Today, I wanted to talk about the definition of "doll," as well as what has inspired me to create a museum collection. A friend of mine always said "Dolls are Where You Find Them!!" Anyone who loves to collect dolls knows that she was right. I have literally searched the world for dolls to add to my collection. Really, any good collector would do the same. For, as Anne Rice implied in the above quote, there are as many kinds of dolls in the world as there are people. There is no end to the materials used to make dolls. And, there are just as many reasons to collect them as there are collectors and dealers. Ideally, the best doll dealers or entrepeneurs are those who also have their own collections and who love dolls. Others gather their doll "families" because they want to recapture some fond but lost childhood memory. Or, maybe someone was too poor to have dolls when s/he was little; after all, toys in general, and dolls in particular, are luxuries. Of course, there are those who collect dolls because they are students of costume or history, or because they want inspiration for some other line of work.
I don't know why I started collecting dolls. I only know that I have been doing it since I was three years old. Actually, I preferred toy guns and playing outside with the other children in the neighborhood to dolls when I was very young. I didn't play "Barbies" until relatively late in life, (ages 10-12), and by then, I was an avid collector. My "play" consisted not in make-believe so much as in redressing dolls and creating little plays for them. I was also involved in battles with little boys who had plastic soldiers. Since girls in my day couldn't fight, however, I was relegated to nurse duty, and had to stand up the little plastic figures after they had fallen down in an enemy attack. At least once, I rescued minuscule revolutionary war soldiers from driveway gravel in which they had been imbedded for I don't know how long. A friend's older brother had carelessly trampled them underfoot, into the gravel, when he tired of them. I was always the rescuer of broken and forgotten dolls, so that doll restoration became an important reason for me to keep collecting.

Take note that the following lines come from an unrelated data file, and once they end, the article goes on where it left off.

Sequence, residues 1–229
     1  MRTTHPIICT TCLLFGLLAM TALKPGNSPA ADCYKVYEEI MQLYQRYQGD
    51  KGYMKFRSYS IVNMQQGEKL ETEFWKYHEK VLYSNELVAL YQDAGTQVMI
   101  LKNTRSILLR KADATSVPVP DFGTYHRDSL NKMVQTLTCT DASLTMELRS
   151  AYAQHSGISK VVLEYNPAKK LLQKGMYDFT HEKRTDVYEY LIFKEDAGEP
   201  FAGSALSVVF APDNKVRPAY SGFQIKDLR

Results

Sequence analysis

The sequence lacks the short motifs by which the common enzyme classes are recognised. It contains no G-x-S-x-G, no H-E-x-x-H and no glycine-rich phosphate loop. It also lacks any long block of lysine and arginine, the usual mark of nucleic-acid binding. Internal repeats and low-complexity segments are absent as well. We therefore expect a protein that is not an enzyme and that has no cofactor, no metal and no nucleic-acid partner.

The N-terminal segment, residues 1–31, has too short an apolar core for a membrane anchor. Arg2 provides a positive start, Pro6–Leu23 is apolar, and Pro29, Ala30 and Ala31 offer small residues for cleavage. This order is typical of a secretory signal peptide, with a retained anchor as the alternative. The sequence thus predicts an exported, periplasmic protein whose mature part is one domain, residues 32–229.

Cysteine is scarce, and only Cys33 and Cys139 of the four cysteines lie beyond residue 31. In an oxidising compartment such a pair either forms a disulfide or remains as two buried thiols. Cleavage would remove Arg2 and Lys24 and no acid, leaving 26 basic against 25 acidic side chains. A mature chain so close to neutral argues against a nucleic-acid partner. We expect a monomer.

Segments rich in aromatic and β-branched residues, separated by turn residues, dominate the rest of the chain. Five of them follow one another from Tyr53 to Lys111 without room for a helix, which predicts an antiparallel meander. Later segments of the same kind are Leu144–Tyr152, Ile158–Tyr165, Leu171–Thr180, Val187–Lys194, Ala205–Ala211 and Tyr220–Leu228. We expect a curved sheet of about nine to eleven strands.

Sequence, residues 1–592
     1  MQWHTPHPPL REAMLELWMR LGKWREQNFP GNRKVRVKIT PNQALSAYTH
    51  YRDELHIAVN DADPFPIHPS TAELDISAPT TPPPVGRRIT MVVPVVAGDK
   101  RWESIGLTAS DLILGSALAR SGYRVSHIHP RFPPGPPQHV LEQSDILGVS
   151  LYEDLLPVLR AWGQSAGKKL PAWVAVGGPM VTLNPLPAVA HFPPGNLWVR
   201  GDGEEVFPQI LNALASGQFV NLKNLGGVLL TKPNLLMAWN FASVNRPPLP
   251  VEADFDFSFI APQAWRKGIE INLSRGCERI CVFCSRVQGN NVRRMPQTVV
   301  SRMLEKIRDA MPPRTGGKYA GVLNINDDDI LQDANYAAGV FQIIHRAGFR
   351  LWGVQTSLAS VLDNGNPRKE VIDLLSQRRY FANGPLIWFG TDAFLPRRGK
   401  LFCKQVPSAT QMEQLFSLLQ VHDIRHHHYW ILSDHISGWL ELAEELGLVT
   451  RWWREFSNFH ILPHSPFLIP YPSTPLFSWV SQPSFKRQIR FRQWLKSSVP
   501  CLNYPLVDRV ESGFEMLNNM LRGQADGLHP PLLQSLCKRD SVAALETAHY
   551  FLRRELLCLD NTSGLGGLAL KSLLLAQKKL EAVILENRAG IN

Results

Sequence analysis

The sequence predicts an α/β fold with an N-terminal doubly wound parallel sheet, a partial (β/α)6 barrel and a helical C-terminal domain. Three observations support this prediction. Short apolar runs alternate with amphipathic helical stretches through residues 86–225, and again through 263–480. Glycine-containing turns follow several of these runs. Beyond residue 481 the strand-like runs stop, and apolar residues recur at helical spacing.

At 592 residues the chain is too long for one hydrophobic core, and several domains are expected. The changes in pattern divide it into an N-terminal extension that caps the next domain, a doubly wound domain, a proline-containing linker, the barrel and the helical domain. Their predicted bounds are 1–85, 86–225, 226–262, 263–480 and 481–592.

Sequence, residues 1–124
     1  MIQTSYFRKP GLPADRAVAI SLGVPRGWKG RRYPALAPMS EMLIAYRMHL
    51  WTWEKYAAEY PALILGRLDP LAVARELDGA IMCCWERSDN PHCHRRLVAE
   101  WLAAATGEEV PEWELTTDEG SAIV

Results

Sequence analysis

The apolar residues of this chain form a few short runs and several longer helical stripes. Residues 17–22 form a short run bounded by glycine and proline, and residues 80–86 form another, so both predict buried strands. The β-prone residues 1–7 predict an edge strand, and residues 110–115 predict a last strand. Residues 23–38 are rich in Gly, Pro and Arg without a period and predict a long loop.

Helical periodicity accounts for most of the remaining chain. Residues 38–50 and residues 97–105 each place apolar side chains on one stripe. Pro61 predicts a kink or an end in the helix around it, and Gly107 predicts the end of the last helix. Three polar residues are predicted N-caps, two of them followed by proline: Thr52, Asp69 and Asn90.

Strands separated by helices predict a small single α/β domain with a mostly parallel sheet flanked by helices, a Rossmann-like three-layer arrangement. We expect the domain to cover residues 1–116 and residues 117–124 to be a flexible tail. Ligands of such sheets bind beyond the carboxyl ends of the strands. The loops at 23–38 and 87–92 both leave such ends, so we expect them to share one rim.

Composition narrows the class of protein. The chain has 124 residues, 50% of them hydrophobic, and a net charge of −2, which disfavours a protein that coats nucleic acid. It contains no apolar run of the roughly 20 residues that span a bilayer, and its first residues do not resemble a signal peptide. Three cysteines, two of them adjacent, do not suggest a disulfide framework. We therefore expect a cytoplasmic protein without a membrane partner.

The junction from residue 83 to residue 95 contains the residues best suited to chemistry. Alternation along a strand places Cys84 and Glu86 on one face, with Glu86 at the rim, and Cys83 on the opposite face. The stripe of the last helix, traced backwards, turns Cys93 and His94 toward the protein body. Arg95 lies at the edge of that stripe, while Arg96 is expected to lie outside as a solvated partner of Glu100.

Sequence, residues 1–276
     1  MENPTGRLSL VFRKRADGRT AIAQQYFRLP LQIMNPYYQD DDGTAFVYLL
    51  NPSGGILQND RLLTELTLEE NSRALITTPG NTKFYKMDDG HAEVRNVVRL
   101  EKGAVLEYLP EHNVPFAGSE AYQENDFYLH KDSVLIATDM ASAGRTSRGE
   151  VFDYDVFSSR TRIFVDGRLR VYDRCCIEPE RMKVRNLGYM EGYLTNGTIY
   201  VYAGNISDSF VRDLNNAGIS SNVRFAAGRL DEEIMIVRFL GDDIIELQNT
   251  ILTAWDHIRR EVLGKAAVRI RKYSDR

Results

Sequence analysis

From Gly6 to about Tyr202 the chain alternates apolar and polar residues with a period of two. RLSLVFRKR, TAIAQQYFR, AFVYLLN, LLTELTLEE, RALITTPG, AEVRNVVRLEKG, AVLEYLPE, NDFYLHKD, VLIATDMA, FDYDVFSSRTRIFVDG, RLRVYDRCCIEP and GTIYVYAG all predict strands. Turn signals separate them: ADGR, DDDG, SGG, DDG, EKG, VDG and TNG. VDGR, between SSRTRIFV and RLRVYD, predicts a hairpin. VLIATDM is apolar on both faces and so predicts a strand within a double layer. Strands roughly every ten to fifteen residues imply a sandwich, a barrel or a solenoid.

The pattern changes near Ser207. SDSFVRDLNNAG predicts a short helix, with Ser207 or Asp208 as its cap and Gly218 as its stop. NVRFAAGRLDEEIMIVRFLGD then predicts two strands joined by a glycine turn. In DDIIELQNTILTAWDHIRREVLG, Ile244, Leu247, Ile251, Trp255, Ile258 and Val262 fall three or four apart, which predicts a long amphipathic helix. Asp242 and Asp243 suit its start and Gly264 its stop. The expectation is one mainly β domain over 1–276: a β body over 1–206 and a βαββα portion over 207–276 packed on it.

Whatever the reason anyone has for doll collecting, however, one has to acknowledge that it is now one of the fastest growing hobbies in the United States, if not the world. Some say that it is the leading hobby in this country. I almost wish it weren't. Dolls should not be a source of competition; they are items of comfort and mystery, and important icons of childhood. Their very presence is testament to the similarities among people throughout the ages; no matter when we were born, all people have had the desire to recreate themselves for posterity. Human motives for doll creating are not important; ritual figures, religious idols, miniature portraits, toy soldiers, statues, toys, grave dolls, paper dolls, models, all serve a particular purpose. Like paintings and photographs they have the potential to live after us, and they have the potential to imitate us. They fascinate us for these very reasons and more. And, the way the word "doll" is defined also describes the type of collector.
Let's define a doll for our purposes as any representation of the human figure, big or small, whether or not a child's plaything. This way, we can have interesting discussions of statues and figurines, and automatons, and robots, and many other wonderful doll-like objects that are left out of most books. And, let's also include anthropomorphized creatures like teddy bears and "Beanie Babies," often dressed and treated as dolls anyway. We may even have a discussion or two about other objects that have been turned into dolls. For example, Cosette in Victor Hugo's Les Miserables adopts an old footstool as her "doll." Laura Ingalls Wilder's first doll in Little House in the Big Woods was simply a corncob wrapped in an old handkerchief and called Susan. Let's also consider what Barton Wright and Evelyn Roat say in their book, This is a Hopi Kachina. The authors write that " the kachina doll is not a toy, but it is not considered wrong for a child to play with it" (19). One could make the same observation about almost any object, especially one representing a human being. Perhaps it is no accident that many of the famous porcelain companies of the world allegedly made small dolls and doll heads as part of their trade that closely resembled the heads of the figurines they made. For others, dolls were ritual objects, representations of lost loved ones, childhood friends, or inspirational muses. Defining the word and the parameters of a collection are personal choices, reflected in indivdual taste and preference.